Peace prevails: SL Green, Local 79 settle dispute over protests
Local 79 to deflate Scabby at 420 Lexington Avenue, while SL Green will scrap federal lawsuit
Shrill whistling, verbal shaming and a giant inflatable rat are now a thing of the past at SL Green’s Midtown headquarters.
The day before its quarterly earnings call with investors, the developer agreed to a settlement with labor union Local 79, following more than a month of contentious protests which resulted in both state and federal lawsuits.
“After a productive meeting today, Local 79 has agreed to cease its protest regarding construction at 126 Nassau,” a joint statement from SL Green and Local 79 said.
In exchange, SL Green withdrew its federal lawsuit in which it accused the union of potentially spreading Covid and called its actions “terroristic”.
The dispute revolved around one of SL Green’s properties at 15 Beekman Street, where it will build a 215,000-square-foot dormitory for Pace University. The developer hired a non-union demolition company to perform work at the site.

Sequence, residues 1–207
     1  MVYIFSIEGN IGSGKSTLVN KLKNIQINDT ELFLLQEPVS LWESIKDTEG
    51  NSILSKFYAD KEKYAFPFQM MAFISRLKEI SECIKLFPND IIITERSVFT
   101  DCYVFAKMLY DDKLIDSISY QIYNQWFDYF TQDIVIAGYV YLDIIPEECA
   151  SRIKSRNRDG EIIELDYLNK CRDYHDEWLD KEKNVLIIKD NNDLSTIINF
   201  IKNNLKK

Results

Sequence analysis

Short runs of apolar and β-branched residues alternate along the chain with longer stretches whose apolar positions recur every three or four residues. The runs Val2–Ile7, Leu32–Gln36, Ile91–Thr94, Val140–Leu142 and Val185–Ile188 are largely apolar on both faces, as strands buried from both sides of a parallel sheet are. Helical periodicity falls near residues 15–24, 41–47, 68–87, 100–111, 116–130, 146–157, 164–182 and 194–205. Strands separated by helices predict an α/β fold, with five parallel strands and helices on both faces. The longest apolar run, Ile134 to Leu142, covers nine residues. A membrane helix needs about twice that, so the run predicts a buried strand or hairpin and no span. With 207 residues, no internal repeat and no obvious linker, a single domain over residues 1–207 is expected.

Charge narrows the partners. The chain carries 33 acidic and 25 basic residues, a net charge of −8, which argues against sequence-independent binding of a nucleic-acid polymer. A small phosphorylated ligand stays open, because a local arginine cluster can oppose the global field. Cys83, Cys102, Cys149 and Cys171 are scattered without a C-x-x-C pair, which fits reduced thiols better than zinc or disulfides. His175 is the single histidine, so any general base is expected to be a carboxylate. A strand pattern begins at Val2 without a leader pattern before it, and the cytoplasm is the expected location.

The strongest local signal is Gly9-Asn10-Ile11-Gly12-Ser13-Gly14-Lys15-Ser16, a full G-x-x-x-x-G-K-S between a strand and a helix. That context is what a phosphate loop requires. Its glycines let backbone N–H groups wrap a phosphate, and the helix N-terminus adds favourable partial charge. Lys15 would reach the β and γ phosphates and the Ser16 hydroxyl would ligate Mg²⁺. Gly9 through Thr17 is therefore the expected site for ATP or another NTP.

Local 79 responded with protests at SL Green’s headquarters at 420 Lexington Avenue, including keeping an inflatable Scabby the Rat outside the building each day since early September, according to the company’s earlier complaint.
Earlier on Tuesday, SL Green had filed a federal lawsuit in the U.S. District Court in Manhattan to stop the protests, Crain’s reported. But by the end of the day, the parties had agreed to settle the dispute.
As for whether additional union labor would now be used over the course of the Financial District project, neither party would comment beyond a prepared statement.
“SL Green is a strong supporter of union labor and we appreciate the opportunity to sit down with Local 79 … and the opportunity to strengthen our relationship and work together on future projects,” said Edward V. Piccinich, chief operating officer of SL Green.
“We recognize and appreciate the leadership of Marc Holliday and SL Green in driving economic development in New York that creates good jobs during this difficult time for the city,” said Robert Bonanza, business manager of the Mason Tenders District Council, a labor organization that represents Local 79, among other workers.
“At times like this we need to work together to keep New York moving,” Bonanza added.